Driven by geopolitical tensions, several governments have tested anti-satellite weapons that leave behind a trail of space debris that will remain in orbit for decades, or even centuries.

Space debris poses a grave danger to other functioning space objects, not to mention to people and property on the ground should pieces fall to Earth. This month, China launched several ballistic missiles that reached 200 kilometres above sea level, potentially threatening satellites that operate in low Earth orbit, which represents prime space real estate used for crucial communications and remote sensing worldwide.

Space systems are not just vulnerable to missiles, but may be interfered with or destroyed through other means such as lasers, spoofing, jamming and cyberattacks. The human costs and consequences of a conflict in space could be devastating beyond contemplation.

Affirming the law

As countries and commercial space operators study how to explore and use the moon and other celestial bodies for valuable resources, we need to understand that outer space is not a lawless “Wild West.” In fact, there is a clear body of fundamental legal principles that have applied to all space activities for many decades.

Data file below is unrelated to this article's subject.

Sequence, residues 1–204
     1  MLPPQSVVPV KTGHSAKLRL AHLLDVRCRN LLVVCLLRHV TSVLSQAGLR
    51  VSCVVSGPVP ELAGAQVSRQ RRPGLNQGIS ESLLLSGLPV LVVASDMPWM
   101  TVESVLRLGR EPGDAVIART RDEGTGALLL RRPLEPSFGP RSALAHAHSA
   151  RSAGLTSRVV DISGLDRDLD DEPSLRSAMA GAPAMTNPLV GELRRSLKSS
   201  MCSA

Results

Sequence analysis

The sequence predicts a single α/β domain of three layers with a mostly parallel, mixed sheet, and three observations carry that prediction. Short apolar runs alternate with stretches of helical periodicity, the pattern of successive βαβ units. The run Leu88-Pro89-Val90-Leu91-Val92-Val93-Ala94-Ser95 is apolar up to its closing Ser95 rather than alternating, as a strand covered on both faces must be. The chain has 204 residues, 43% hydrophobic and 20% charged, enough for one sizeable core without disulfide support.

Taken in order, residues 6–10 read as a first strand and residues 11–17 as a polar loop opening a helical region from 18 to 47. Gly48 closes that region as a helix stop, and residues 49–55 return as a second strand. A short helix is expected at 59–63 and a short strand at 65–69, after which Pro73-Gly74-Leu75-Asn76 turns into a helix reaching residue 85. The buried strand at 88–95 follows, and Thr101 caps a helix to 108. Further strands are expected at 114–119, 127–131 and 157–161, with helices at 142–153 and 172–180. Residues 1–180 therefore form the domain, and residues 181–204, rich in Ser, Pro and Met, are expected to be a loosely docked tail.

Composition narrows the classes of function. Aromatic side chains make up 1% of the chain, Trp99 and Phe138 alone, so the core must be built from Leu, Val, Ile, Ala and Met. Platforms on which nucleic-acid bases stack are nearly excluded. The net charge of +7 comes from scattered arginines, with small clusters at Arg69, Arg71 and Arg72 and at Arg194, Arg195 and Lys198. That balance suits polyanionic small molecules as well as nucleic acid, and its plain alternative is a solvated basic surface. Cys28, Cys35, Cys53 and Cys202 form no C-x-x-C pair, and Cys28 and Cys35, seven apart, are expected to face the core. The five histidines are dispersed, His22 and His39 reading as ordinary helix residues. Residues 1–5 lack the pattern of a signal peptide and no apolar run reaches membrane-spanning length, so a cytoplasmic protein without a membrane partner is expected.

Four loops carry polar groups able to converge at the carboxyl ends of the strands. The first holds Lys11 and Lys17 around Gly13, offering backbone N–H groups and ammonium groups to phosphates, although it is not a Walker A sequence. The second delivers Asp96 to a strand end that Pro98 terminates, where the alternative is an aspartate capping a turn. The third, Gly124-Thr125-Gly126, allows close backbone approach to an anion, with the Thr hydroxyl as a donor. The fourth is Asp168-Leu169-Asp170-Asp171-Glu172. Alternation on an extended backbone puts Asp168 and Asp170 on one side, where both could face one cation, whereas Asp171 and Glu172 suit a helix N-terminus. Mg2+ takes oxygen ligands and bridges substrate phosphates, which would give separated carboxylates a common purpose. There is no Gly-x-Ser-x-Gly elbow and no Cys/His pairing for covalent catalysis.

Read more: Is current space law equipped to handle a new era of shifting power structures in space? The Conversation Weekly podcast transcript

Since the 1957 launch of the first artificial satellite into Earth orbit (Sputnik I), there has been clear consensus that outer space, planets and asteroids must be explored and used in accordance with international law, including the United Nations Charter.

These foundational principles are elaborated in a series of United Nations treaties on space law subscribed to by virtually all space-faring countries. In addition, especially with the increased number of commercial and private space operators, countries are adopting national space laws to regulate and oversee how all national space activities are conducted in accordance with international law.

rocket launch
Space Shuttle Columbia’s STS-4 mission, launched from the Kennedy Space Center in 1982, carried military missile detection systems. (NASA/Unsplash)

Independent and impartial

The U.S. government and others have affirmed that “conflict or confrontation in space is not inevitable.” In the current geopolitical environment, it is necessary to affirm and clarify the laws that will prevent miscalculations and misunderstandings, and in turn foster transparency, confidence-building and some co-operation in space.